The Countries With The Best Pension Systems In The World

Retirement is something most working people around the world look forward to. It means complete freedom to pursue personal interests, to live out goals and dreams. It means no more 9-5, or having to wear a suit and tie. Trouble is, with economic conditions becoming increasingly uncertain and people's life expectancies on the rise, pension providers around the world are under increasing pressure. The dream retirement of yesterday, in other words, is becoming more and more elusive.

Still, the top pension providers continue to offer the best deal they can. Thanks to the Melbourne Mercer Pension Index, we can see how the 10 top-ranked countries meet three key criteria in achieving their high quality pension programs. The scores are based on the following:

Adequacy: This looks at how that country's pension system benefits the poor and median-income earners, and its overall efficiency. The adequacy measure also looks at the overall saving rate and the home ownership rate within the country – two key factors that provide financial security to people in retirement. The adequacy measure represents 40% of the country's overall index value.

Integrity: This looks at the regulation, protection, communication, and costs of the pension plans in each country. It also looks at the quality of private sector pensions in the country, as those can help ease reliance on the government as the sole pension provider, resulting in a stronger national pension system. The integrity score represents 25% of the country's overall index value.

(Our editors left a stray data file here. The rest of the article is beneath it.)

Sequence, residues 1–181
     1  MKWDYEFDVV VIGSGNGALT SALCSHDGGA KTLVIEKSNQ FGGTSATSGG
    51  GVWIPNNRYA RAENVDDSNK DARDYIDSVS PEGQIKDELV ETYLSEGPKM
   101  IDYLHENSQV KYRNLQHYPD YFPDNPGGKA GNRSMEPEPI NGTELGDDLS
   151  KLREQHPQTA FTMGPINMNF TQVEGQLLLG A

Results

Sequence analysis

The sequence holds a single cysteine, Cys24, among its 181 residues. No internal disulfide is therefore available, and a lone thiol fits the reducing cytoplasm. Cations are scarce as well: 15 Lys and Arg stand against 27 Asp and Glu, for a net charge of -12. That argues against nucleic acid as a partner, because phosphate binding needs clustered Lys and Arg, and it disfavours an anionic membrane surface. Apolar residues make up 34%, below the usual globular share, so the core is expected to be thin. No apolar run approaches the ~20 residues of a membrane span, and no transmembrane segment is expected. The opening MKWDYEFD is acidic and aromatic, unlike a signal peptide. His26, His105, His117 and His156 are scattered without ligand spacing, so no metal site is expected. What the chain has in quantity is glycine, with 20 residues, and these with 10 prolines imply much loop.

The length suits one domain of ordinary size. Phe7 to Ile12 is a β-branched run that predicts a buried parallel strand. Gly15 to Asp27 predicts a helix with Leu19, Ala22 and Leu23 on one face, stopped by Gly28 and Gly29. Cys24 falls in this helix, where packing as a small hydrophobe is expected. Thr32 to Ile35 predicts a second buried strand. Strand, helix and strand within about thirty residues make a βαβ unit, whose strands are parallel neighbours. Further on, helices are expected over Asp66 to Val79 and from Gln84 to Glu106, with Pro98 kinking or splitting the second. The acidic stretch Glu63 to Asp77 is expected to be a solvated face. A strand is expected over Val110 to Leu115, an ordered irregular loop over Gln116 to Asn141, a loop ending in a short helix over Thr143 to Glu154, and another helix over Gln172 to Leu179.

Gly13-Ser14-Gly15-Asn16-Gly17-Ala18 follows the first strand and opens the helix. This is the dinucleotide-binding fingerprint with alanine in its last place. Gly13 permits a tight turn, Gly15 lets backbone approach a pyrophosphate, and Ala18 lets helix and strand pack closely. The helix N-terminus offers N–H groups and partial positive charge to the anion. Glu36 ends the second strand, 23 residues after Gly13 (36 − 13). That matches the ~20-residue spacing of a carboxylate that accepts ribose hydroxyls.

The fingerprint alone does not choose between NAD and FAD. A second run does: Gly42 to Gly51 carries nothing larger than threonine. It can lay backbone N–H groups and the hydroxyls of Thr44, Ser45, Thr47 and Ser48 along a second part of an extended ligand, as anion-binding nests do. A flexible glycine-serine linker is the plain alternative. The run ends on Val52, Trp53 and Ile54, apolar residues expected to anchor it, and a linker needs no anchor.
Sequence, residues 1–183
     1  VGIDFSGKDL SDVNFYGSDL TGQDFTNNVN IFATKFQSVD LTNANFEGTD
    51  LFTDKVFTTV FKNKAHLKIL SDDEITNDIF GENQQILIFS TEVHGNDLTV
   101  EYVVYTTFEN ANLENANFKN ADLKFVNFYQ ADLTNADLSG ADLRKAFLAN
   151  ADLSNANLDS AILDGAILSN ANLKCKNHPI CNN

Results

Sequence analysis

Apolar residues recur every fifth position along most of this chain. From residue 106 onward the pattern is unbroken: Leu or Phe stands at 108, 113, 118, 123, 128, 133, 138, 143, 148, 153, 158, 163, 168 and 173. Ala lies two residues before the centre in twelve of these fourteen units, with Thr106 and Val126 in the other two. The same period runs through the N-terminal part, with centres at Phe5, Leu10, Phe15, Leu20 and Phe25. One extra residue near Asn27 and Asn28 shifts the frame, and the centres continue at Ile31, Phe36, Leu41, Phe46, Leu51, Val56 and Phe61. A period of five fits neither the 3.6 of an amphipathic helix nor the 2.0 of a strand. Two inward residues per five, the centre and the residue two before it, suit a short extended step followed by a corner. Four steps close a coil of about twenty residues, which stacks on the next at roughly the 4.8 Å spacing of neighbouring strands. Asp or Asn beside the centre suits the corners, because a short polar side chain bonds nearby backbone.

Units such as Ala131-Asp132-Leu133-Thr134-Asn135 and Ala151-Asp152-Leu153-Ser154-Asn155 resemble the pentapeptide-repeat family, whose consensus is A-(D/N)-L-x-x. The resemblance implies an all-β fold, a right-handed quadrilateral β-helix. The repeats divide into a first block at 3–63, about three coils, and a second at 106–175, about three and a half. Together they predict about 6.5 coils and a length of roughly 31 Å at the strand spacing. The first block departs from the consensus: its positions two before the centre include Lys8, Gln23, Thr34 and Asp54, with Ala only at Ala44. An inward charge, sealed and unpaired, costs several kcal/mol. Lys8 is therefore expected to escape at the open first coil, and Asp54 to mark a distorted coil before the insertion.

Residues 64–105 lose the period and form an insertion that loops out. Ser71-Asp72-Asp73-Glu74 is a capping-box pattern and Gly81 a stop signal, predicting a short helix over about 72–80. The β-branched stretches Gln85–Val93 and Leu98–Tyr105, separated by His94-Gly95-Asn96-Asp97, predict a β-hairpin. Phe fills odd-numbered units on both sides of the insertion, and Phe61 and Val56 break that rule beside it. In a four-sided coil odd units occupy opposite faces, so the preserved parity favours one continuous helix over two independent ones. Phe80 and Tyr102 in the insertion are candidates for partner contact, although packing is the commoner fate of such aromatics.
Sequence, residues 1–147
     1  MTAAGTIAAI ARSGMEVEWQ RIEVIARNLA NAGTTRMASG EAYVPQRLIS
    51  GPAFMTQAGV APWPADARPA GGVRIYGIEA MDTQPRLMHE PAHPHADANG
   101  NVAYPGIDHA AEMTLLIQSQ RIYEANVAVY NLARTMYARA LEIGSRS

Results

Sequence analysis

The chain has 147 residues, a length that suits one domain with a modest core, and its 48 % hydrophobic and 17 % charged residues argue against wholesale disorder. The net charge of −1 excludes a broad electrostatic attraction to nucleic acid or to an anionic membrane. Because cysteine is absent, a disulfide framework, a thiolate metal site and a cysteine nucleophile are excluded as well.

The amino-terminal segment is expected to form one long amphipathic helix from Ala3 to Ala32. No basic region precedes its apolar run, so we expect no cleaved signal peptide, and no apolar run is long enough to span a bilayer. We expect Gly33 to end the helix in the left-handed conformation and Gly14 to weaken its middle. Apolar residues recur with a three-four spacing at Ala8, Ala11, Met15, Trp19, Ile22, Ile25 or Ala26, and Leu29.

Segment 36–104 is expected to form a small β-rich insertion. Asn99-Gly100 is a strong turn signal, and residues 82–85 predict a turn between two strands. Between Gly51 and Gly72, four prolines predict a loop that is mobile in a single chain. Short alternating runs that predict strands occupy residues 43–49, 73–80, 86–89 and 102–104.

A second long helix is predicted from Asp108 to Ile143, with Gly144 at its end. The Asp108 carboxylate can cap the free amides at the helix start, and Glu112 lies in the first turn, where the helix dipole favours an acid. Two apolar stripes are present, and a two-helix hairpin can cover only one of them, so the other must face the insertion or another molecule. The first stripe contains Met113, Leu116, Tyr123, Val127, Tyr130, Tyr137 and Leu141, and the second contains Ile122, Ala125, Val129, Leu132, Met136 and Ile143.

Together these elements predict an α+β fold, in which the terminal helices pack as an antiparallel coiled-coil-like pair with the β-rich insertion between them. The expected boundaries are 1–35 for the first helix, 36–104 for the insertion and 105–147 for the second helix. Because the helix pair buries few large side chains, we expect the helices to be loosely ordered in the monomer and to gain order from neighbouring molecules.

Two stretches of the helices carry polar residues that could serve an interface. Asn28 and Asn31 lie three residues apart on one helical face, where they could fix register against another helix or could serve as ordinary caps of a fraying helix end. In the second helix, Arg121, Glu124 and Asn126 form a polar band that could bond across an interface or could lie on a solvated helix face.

Sustainability: This looks at various factors that might affect how sustainable a country's retirement fund is. These can include the links between the private pension market and the economy, the amount of funding within the private pension market, the expected retirement length, the current levels of government debt, and the number of older workers who currently participate in pension schemes. The sustainability measure represents 35% of the county's overall index value.

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10 Poland: Overall Index Value = 58.2

Overall Index Value = 58.2 (Adequacy = 63.6, Integrity = 70.1, Sustainability = 43.4)

Poland's pension system was changed in 1999, and is currently moving from a pay as you go scheme to a funded approach. It includes a minimum pension, along with an earnings-related scheme which can then be supplemented with voluntary employer-sponsored retirement funds and individual retirement funds. The positives of the Polish pension system lie in the high level of savings amongst the general population and the healthy private pensions market in the country.

9 USA: Overall Index Value = 59

Overall Index Value = 59 (Adequacy = 58.3, Integrity = 61.1, Sustainability = 58.4)

The retirement fund in the USA is government supported and offers progressive benefits based on a person's lifetime earnings, combined with an income-tied top up benefit and a selection of voluntary private pensions. The private retirement funds in the country are very generous and offer employees great returns after they leave the workforce. They're also highly flexible, and allow employees to withdraw money from their pension fund at any point and pay it back in later on.

8 Chile: Overall Index Value = 63.3

Overall Index Value = 63.3 (Adequacy = 50.1, Integrity = 78.4, Sustainability = 67.7)

Chile's pension system includes a compulsory privately managed employee contribution system and a range of supplementary schemes which are funded by employers. It is one of the few countries in the world that have moved from a pay as you go plan to a funded system operated by private pension companies. Although Chile's pension system has relatively low coverage, it does have one of the best annuity markets in the world, which provides pensioners with high payouts compared with other countries’ pension systems.

7 United Kingdom: Overall Index Value = 64.8

Overall Index Value = 64.8 (Adequacy = 68.1, Integrity = 85, Sustainability = 46.5)